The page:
Building positive classroom culture, creating effective classroom management systems, and gaining student investment takes a lot of planning and dedication from educators. It may take years to successfully create and execute a classroom system of consequence and rewards. Teachers are now trying to quickly come up with brand new systems of virtual classroom management. 

 

The problem behaviors seen during remote learning are different than in-person school. Teachers are worried about inappropriate memes being chatted to the class, microphone unmutes that cause a commotion, and students being distracted by extra website tabs. These behaviors require the same amount of consistency and planning to successfully address. Here are a few tips on ways you can create a virtual classroom management system that really works. 

 
 

1. Be Proactively Positive in Your Virtual Classroom Management

Work on all of the positive culture builders with your online class. Build relationships with students one-on-one through things like direct zoom chatting, phone calls, or personal emails. Provide lots of positive feedback to students and praise to increase investment and desire to stay engaged in class. Set proactive expectations like being on time, participating when asked, muting your microphone, being respectful to the teachers and classmates, and chatting responsibly. Use the first few days to give reminders and norm on the expectations. Remote learning is new for everyone and mistakes can happen, so give a few days for students to learn the new class expectations. Also make sure to proactively plan engagement strategies. The more students are engaged in their learning, the less likely they are to misbehave during class. This is a key element of virtual classroom management.

Here is another blog to get some tips on virtual engagement strategies and here is one on how to make remote learning fun. 

Another great resource to check out is the RULER Charter activity from the Yale Center of Emotional Intelligence. A class charter helps build empathy, respect, and creates classroom norms. It also helps to create rules and expectations based on how the student community wanted to feel every day during virtual school. You can refer back to the charter a lot to both praise and correct behavior. Here is a video of a teacher making a charter with her classroom.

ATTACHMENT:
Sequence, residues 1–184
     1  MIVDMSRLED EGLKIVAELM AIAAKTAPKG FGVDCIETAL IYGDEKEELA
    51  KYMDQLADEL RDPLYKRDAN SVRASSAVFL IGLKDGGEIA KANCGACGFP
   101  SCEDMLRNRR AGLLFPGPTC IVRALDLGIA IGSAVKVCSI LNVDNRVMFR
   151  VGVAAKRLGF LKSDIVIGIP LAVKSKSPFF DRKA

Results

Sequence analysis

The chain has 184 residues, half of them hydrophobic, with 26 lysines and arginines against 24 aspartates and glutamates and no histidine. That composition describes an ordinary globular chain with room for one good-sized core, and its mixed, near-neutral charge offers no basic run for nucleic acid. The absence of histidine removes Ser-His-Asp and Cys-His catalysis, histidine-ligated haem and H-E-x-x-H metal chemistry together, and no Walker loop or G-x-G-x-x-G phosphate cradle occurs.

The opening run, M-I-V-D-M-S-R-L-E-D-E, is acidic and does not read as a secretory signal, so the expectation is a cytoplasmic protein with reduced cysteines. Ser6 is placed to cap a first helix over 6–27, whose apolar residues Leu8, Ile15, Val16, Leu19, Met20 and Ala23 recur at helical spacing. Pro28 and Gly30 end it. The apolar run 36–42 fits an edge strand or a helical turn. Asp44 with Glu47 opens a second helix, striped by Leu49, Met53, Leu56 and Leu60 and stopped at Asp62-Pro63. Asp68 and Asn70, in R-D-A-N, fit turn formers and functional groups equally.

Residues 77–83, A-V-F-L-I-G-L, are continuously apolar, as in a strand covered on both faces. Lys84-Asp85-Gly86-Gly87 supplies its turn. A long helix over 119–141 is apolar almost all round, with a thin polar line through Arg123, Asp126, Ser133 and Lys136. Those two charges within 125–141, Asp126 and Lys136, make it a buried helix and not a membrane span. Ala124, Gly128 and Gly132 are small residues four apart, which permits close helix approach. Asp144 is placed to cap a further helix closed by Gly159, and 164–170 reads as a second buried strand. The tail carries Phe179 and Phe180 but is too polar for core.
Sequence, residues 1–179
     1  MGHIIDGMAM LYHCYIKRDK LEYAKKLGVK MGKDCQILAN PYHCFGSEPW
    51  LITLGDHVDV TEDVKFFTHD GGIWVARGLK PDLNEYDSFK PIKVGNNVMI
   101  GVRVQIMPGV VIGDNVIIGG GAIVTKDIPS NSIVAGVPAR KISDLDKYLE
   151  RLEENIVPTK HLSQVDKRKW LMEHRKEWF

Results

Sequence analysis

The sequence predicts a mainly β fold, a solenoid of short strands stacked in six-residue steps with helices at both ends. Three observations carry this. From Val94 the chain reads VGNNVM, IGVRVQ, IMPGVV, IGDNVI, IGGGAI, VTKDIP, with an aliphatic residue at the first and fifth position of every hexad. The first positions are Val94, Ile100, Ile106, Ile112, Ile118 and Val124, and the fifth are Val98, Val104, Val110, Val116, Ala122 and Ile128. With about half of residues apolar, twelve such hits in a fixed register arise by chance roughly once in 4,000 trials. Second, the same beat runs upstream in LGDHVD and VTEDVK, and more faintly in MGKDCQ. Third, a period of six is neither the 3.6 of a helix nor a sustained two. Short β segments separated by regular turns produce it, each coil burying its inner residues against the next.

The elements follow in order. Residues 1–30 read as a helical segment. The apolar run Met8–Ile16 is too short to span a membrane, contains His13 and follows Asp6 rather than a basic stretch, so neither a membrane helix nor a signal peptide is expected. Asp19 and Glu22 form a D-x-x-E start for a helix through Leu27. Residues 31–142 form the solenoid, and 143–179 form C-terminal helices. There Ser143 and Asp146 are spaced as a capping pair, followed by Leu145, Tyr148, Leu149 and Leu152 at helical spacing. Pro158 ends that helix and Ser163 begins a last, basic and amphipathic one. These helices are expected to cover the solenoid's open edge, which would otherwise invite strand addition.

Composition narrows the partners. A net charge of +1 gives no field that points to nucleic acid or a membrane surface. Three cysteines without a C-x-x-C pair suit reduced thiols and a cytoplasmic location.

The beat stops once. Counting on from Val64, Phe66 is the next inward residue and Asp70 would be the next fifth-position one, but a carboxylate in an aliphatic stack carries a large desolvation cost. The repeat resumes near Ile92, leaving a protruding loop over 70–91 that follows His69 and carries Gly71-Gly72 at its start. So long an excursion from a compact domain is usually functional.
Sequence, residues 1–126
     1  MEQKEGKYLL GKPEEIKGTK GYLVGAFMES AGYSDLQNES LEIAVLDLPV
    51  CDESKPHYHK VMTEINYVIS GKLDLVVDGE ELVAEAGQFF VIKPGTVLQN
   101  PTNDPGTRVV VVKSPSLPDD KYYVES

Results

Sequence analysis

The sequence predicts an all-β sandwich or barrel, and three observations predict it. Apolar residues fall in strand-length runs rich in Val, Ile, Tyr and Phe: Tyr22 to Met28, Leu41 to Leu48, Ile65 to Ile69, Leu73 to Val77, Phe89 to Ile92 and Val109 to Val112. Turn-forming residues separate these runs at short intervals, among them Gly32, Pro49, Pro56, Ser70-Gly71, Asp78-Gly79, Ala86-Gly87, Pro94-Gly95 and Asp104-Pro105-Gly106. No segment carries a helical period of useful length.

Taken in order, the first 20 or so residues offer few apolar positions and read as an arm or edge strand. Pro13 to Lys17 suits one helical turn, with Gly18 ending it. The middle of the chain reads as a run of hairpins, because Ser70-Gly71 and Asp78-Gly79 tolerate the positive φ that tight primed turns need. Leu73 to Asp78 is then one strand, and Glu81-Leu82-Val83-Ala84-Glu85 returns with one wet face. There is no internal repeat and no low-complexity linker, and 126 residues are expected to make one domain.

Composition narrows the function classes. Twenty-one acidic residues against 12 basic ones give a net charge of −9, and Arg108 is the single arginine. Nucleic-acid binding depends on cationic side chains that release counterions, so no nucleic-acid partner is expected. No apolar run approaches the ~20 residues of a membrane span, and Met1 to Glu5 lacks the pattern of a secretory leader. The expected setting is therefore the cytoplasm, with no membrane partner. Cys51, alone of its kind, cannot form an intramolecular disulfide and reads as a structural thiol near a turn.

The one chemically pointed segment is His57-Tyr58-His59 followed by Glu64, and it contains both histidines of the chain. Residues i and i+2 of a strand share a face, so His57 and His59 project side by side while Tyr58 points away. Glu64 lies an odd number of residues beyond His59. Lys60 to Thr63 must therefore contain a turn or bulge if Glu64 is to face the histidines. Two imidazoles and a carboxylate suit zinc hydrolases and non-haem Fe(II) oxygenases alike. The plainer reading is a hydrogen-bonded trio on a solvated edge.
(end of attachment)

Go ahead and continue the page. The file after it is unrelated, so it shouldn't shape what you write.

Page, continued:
2. Communicate Expectations with Parents

Make sure that parents know your class expectations so they can reiterate them and support you at home; this can be immensely helpful in virtual classroom management. If you have dress code expectations, participation expectations, video or microphone expectations, or any other specific things students should or should not be doing during class, make sure to communicate that to parents. Parents are on the front lines of remote learning. It’s important to make sure they are up to speed with your class culture norms to help you positively lead your classroom. 
 

3. Positive Rewards

Virtual classroom management isn’t just about consequence, it’s also about positive reinforcement and praise. Teachers can choose rewards and incentives that make sense for your classroom and students. Incentives can reward student class work, behavior, or just living out your classroom norms. Ideas of positive rewards can be virtual lunches, virtual field trips, choosing a class theme, deciding what kind of crazy outfit the teacher will wear the next day, or having something sent to them through snail-mail. Positivity goes a long way for student investment and relationship building. 
 

4. Have Clear Consequences

Classroom culture isn’t magically created through only positive rewards and expectation setting. There does need to be clear consequences in place that have to be consistently utilized. Students and parents both should be aware of consequences of student behavior in the virtual setting. Teachers can send home a parent letter with their consequences or have a parent meeting about virtual classroom management to make sure everyone is clear on next steps during this time. Some ideas of consequences may be a temporary removal from virtual class or a ladder like:

  1. Verbal warning from the teacher
  2. Student and teacher virtual conference 
  3. Parent, student, and teacher virtual conference
  4. Referral to administrator

 

Whatever you or your school decides on for consequences during virtual schooling, make sure they are extremely clear to both students and parents. Also, make sure that your virtual classroom management consequences are done with love and respect. Learning at home is difficult, so make sure to give extra grace and care to students during this time. 

 

5. Don’t Do Too Much

Having clear consequences and expectations are extremely important for all classroom environments, but take advantage of the opportunity to release some control during at-home learning. Control what is necessary, but let go of trying to control everything.  What makes sense in the classroom doesn’t always make sense in virtual learning. If a student is tapping their pencil while muted or wearing a hat, it may not be worth interrupting class. Focus on learning and do what you can, but don’t feel the need to do too much. 

 

If you want to learn more about Possip, reach out to amanda@possip.com